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Analysis: The 61st Grammys marked the beginning of the end for a one-sided music industry

Lorraine Ali, Los Angeles Times on

Published in Entertainment News

LOS ANGELES -- The 61st Annual Grammy Awards appeared to be an exemplary model of diversity and progress as an unprecedented number of female artists -- including Cardi B, making history as the first solo woman to win for rap album and Kacey Musgraves, who won the night's album of the year prize -- dominated the evening's live performances. Alicia Keys (not LL Cool J or James Corden) hosted. And a notable number of African-American artists were nominated in mainstream categories outside of rap and R&B.

But it was clear from who wasn't at the Staples Center on Sunday that all was not well. The Recording Academy's fraught relationship with women and artists of color played a starring role during a ceremony that was as much an ode to diversity as it was a reparation effort.

What were they making up for? More than a half a century of operating like most other entertainment mediums until movements such as #OscarsSoWhite, #MeToo and #TimesUp forced the first real signs of change in the TV and film industries.

The music industry has been slow to catch up. Last year just one woman won a solo award during the telecast. And it didn't seem the organization felt any pressure to change things up when the chief executive of the Recording Academy, Neil Portnow, said women in music should "step up" to advance their careers.

It was the same year that Kendrick Lamar was passed over by the academy for an album that went on to win a Pulitzer. His Grammy snub followed a pattern of rappers such as Jay-Z being asked to perform, making the show look diverse, only to be passed over for wins in pop and mainstream categories.

This year, the Grammys became the latest awards show to visibly struggle with the overwhelming calls for change. Childish Gambino, who won in three major categories including best record, wasn't there to pick up his awards. Neither was Ariana Grande, who won in the pop category. It was as if they were taunting academy voters when, during commercial breaks, emojis of both artists appeared in separate ads for Apple Memoji and Google Playmoji, singing the songs they probably would have performed on the Staples Center stage had they agreed to appear.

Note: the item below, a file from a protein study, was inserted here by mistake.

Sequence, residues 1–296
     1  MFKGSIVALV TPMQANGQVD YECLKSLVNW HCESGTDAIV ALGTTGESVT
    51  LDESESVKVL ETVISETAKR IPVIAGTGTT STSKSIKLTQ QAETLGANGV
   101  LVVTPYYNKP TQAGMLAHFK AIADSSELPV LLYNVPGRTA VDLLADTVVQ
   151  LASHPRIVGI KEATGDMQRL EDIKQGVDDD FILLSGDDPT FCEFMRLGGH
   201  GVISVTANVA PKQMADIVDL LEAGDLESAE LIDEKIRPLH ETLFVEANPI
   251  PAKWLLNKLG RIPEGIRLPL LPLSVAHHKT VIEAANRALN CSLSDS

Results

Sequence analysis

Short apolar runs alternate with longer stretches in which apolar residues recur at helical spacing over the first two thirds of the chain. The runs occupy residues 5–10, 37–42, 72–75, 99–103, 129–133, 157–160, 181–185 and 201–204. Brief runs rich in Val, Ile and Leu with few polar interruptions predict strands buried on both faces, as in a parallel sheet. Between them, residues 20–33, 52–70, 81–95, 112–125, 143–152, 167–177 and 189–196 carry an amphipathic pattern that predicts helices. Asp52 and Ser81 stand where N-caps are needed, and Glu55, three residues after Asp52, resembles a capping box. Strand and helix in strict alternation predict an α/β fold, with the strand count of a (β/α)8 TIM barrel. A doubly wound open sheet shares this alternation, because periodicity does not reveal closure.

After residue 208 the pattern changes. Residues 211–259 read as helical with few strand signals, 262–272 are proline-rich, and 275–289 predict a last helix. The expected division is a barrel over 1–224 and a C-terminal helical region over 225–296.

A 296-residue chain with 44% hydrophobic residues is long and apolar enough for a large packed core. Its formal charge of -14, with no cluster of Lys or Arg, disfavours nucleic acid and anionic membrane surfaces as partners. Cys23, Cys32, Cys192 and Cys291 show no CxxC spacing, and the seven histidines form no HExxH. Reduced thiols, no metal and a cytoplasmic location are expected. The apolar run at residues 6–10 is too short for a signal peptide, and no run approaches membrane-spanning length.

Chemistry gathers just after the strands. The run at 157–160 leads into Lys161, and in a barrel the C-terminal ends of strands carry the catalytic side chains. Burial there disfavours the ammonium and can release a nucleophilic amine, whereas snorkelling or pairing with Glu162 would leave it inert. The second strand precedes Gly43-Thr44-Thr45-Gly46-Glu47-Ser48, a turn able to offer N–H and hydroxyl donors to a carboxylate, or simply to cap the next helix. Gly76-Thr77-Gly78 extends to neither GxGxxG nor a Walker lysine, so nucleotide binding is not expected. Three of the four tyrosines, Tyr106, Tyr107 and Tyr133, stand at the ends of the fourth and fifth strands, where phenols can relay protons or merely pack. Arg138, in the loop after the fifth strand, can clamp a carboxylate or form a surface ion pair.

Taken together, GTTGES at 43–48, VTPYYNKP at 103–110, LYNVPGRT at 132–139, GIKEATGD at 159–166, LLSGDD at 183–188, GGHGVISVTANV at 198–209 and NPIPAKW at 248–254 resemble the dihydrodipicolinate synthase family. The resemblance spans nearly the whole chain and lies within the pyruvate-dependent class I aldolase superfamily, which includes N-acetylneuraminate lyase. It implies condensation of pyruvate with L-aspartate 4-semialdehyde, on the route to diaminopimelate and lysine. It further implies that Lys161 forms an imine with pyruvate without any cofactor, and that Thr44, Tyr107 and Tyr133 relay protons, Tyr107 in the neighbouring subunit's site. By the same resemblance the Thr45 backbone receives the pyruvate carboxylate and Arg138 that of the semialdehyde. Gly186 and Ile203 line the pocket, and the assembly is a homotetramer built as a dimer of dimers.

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Best album nominee Lamar, who led with eight nominations, also refused to attend. Drake, up for best album and six more awards, surprised everyone when he showed up to receive his award for rap song. But he took the opportunity to voice the frustration of a generation of artists locked out by a mainly white, mainly male voting body.

"This is a business where it's up to a bunch of people who might not understand what a mixed-race kid from Canada is saying, or a fly Spanish girl from New York ... The point is, you've already won if you have people who are singing your songs word for word, if you're a hero in your hometown. Look, if there's people who have regular jobs who are coming out in the rain and snow, spending their hard-earned money to buy tickets to your shows, you don't need this (Grammy award) right here. I promise you. You already won."

Grande tweeted that she had a dispute with producers over what she wanted to perform. "It was when my creativity & self expression was stifled by you, that i decided not to attend," she posted.

The Grammys did make changes after last year's ceremony to be more inclusive and representative of today's music industry. On Sunday, eight acts rather than five competed in the top four categories of album, record, song of the year and best new artist.

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